It was another long night of Ultimate Fighting Championship (UFC) fights to say the least.
UFC Fight Night 36: "Machida vs. Mousasi," which took place last night (Sat., Feb. 15, 2014) from Santa Catarina, Brazil, went on until the wee hours of the night in most regions. And if it weren't for a few impact players, it would have been an atrocious card to kick off the mixed martial arts (MMA) promotion's 2014 campaign in South America.
Lyoto Machida was victorious in the main event against Gegard Mousasi (watch the video highlights of the fight here), dominating the Dutchman for five rounds and seemingly booked his place in a Middleweight title fight with a win. However, "The Dragon" awaits the final ruling from the brass, and if he is granted a shot at either Chris Weidman or Vitor Belfort after UFC 173, he has a chance to become a multiple weight class champion.
Also victorious on the main card was Ronaldo "Jacare" Souza -- who scored a unanimous decision win over Francis Carmont -- Erick Silva -- who decimated Takenori Sato in less than a minute -- and Charles Oliveira -- who submitted Andy Ogle in a hard-fought victory.
Nonetheless, in MMA, each bout can have only one winner and one loser. Earning a victory inside the world-famous Octagon is the highest of highs, while suffering a defeat in front of millions of viewers can be the lowest of lows.
With that said, it's time to name the biggest winner and biggest loser (and their runner ups) from the event in Santa Catarina.
Biggest Winner -- Lyoto Machida
It was a tactical and carefully calculated performance from Machida, and for the course of five rounds, he took the fight wherever he needed to defeat the former Strikeforce Light Heavyweight champion.
Not only does "The Dragon" look leaner and meaner at Middleweight, but also he's also crazy fast and a lot more crisp in his attacks. Machida has been in five round wars before; however, this was his best 25-minute fight inside the Octagon.
Why is Machida the biggest winner?
It's fairly obvious.
He's all but guaranteed the next shot at the 185-pound championship, and it's safe to say he's asking for cage side seats at UFC 173 in Las Vegas, Nevada, where Chris Weidman will defend the strap against fellow Brazilian, Vitor Belfort.
He also shares the "Fight of The Night" bonus with Mousasi, becoming $50,000 richer.
Runner Up -- Erick Silva
What a terrible time to eliminate the "Knockout of The Night" bonus.
Silva entered the Octagon, threw a kick to the body, fought off a takedown by trying to kick Takenori Sato's head with backward heel kicks, and then punched the living daylights out of Sato's temples with hammer fists.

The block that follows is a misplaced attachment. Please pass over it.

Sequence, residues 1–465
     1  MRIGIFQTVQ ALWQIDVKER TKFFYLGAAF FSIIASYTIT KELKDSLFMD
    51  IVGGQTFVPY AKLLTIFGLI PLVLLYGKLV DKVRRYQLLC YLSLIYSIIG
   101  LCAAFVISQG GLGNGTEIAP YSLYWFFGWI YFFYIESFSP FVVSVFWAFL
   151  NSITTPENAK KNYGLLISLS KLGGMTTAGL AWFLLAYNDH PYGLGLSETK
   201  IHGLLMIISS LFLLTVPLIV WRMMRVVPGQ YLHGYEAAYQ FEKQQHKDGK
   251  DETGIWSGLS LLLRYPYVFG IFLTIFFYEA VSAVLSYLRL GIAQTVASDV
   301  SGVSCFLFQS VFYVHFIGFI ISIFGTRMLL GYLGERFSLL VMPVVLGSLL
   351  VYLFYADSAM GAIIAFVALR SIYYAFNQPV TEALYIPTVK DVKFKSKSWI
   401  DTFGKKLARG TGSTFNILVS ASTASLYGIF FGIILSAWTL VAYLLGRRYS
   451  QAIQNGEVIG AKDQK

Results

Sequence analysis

That's a pretty accurate description of how the fight went down from start to finish.
The explosive Brazilian needed only 52 seconds to trounce the Japanese veteran, continuing his dominance inside the cage with a knockout victory.
"Indio" spent the less time in the cage out of all active UFC fighters before this bout, and he continues his quick ascension in UFC, once again looking like a future championship contender in the stacked Welterweight division. He just needs to work on being consistent, even though he should have only lost two out of his three UFC fights in which he did not leave the victor.
This card needed a performance to talk about, and Silva woke up everyone who was snoring in an incredibly violent way.
Silva also secured a "Performance of the Night" bonus.
Biggest Loser -- Francis Carmont
It's easy to say that Mousasi was the biggest loser on Saturday night, but let's opt for Carmont instead.
"Limitless" was anything but that -- and despite a solid second round against "Jacare" -- Carmont had nothing for Souza on the ground. He did make the most of his time on the feet, however he simply couldn't get the job done.
We can't exactly go out on our shield here and say that Carmont is a boring fighter, however, his last performance against Costas Philippou certainly didn't impress his boss, and his previous two wins against Lorenz Larkin and Tom Lawlor should have been losses in the eyes of many observers.
He is a freak athlete and he's got the talent to stick around. It all depends on if the promotion wants to keep him around with another loss or two, since it doesn't find him that exciting to begin with.
It is kind of harsh seeing that Carmont is 6-1, but ask Jon Fitch or Yushin Okami where they ended up with unfavorable styles being the root of their success.
Runner Up -- Viscardi Andrade
So, you just dropped your opponent with a monstrous right hand and you have him badly hurt.
What do you do next?
Maybe you pounce on him and continue to do damage. Maybe you hack at his legs a bit. Maybe you join him on the ground and dish out some strikes to his cranium.
Or, you could just celebrate prematurely and lose the fight afterward.
We get it -- it's the heat of the moment, and maybe the way Nicholas Musoke fell after his legs buckled was an indication to Andrade that he was on his way out.
Still, we can't find sympathy in our hearts for Andrade, who let a seven-fight win streak go to waste after being dominated for the following two rounds -- losing the fight by unanimous decision.
At least when that nutcase Rousimar Palhares celebrated prematurely with style he won the fight.
That just about wraps it up.
For complete coverage of UFC Fight Night 36: "Machida vs. Mousasi" click here.